The Global Risks Report 2017, produced by the World Economic Forum with support from Marsh & McLennan Companies and other partners, was published this week. Now in its twelfth edition, the report provides insights into the key global risks facing businesses as well as the collective view of risk experts in all sectors as to the most significant threats to global prosperity over the next decade. The Global Risks Report 2017 will inform discussions at the World Economic Forum’s annual meeting next week in Davos, Switzerland.
Posts Tagged ‘political risk’
Here we review GC Capital Ideas posts on how catastrophic exposures are adversely impacting public entities.
Many governments today are straining under public debt and many of the most catastrophically exposed governments are in the worst financial position. This is particularly true for countries exposed to the perils of flood, tropical cyclone and earthquake. Compounding this situation are demographic and economic trends that are adding additional pressure on already stressed balance sheets, both in emerging and developed economies.
Marsh and McLennan Companies, in Collaboration With the World Economic Forum, Publish the 11th Annual Global Risks Report
Disruptive shifts in technology, geopolitics, societal expectations, and economic patterns are creating instabilities that are directly impacting events in the world today. The World Economic Forum’s eleventh Global Risks Report highlights the issues that will exacerbate volatility and uncertainty over the next decade - while also presenting opportunities for governments and businesses to build resilience and deliver sustainable growth.
The dramatic rise in political instability and civil unrest across the globe, including uprisings in the Middle East and protests in Greece and Spain, has triggered a significant shift in the nature of terrorism risk and has highlighted the need for tailored terrorism and political violence protection, according to “Tensions Building: the Changing Nature of Terrorism Risk and Coverage,” by Guy Carpenter.
David Flandro, Global Head of Business Intelligence, Julian Alovisi, Assistant Vice President, Lucy Dalimonte, Senior Vice President, Ellen Rieder, Managing Director and Emma Karhan, Senior Vice President
The unrest around the world outlined earlier in the report has begun to impact the terror (re)insurance market, not only with regard to supply and demand but also in terms of how risks and coverages are defined. Although there is an abundance of capacity in the market due to the absence of a recent major terrorism loss (resulting in a stable to softening treaty terrorism market), civil unrest and/or riot coverages in some international terrorism programs are impacting several carriers. Indeed, the dramatic increase in global unrest has caused an increased frequency of localized or territory-specific losses in the facultative reinsurance market.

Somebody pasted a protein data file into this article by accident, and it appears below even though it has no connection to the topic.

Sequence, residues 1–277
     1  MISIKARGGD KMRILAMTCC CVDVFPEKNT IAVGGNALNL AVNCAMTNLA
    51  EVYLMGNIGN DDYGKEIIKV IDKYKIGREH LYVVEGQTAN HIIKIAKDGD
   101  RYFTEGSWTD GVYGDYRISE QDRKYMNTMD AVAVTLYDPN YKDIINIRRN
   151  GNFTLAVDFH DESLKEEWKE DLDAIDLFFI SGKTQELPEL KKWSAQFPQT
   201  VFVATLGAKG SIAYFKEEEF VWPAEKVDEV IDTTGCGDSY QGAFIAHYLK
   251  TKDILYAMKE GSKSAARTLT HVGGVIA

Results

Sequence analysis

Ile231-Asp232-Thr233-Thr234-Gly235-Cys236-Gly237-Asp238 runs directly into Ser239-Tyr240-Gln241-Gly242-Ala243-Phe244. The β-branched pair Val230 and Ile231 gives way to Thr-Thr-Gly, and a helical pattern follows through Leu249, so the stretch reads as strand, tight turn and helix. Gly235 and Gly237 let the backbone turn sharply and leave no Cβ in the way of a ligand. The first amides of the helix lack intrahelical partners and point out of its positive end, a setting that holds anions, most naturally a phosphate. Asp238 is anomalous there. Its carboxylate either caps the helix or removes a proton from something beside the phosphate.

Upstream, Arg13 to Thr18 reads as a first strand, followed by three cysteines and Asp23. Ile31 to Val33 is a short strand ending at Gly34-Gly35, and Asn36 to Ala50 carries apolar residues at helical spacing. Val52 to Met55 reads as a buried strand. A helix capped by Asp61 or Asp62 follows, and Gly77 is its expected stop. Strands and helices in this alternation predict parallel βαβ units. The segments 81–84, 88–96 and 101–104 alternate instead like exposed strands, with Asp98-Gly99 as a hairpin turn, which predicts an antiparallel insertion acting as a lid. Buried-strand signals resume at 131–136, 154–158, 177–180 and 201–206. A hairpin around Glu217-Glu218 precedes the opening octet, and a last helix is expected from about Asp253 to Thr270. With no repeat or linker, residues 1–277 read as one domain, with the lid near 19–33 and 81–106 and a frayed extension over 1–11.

The dramatic rise in political instability and civil unrest across the globe, including uprisings in the Middle East and protests in Greece and Spain, has triggered a significant shift in the nature of terrorism risk and has highlighted the need for tailored terrorism and political violence protection, according to a new report on global terrorism and the terror reinsurance market, “Tensions Building: the Changing Nature of Terrorism Risk and Coverage,” released by Guy Carpenter.
In the credit and bond primary market, rates are flat, but these are not rate-driven classes. In political risk and especially structured credit, rates are under considerable upwards pressure for obvious reasons. The outlook for 2012 is turbulent, given the prevailing macroeconomic uncertainty and instability around the world. Loss ratios are quite likely to increase.
Loss experience defined the credit, bond and political risk reinsurance renewal, with loss-free programs securing significant rate declines and those affected seeing steep increases. Reinsurance rates on loss-free working layers fell 20 percent on average, while those with losses saw increases of 15 percent to 25 percent, depending on severity. Rate increases were slight for high-risk excess programs if there was underlying activity and flat where there was none.